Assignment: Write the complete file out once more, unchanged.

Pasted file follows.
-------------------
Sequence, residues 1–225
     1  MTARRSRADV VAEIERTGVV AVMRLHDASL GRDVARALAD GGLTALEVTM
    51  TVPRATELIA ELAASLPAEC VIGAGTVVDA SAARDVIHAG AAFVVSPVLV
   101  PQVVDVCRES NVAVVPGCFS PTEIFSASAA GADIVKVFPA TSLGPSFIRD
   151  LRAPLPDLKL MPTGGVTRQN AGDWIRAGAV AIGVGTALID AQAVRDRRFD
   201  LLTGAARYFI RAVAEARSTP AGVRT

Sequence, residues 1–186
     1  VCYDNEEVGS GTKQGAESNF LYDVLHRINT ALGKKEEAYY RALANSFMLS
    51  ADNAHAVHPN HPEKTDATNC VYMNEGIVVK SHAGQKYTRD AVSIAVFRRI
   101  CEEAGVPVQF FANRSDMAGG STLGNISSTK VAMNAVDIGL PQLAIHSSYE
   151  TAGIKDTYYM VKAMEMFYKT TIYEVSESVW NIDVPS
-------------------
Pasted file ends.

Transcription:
Sequence, residues 1–225
     1  MTARRSRADV VAEIERTGVV AVMRLHDASL GRDVARALAD GGLTALEVTM
    51  TVPRATELIA ELAASLPAEC VIGAGTVVDA SAARDVIHAG AAFVVSPVLV
   101  PQVVDVCRES NVAVVPGCFS PTEIFSASAA GADIVKVFPA TSLGPSFIRD
   151  LRAPLPDLKL MPTGGVTRQN AGDWIRAGAV AIGVGTALID AQAVRDRRFD
   201  LLTGAARYFI RAVAEARSTP AGVRT

Sequence, residues 1–186
     1  VCYDNEEVGS GTKQGAESNF LYDVLHRINT ALGKKEEAYY RALANSFMLS
    51  ADNAHAVHPN HPEKTDATNC VYMNEGIVVK SHAGQKYTRD AVSIAVFRRI
   101  CEEAGVPVQF FANRSDMAGG STLGNISSTK VAMNAVDIGL PQLAIHSSYE
   151  TAGIKDTYYM VKAMEMFYKT TIYEVSESVW NIDVPS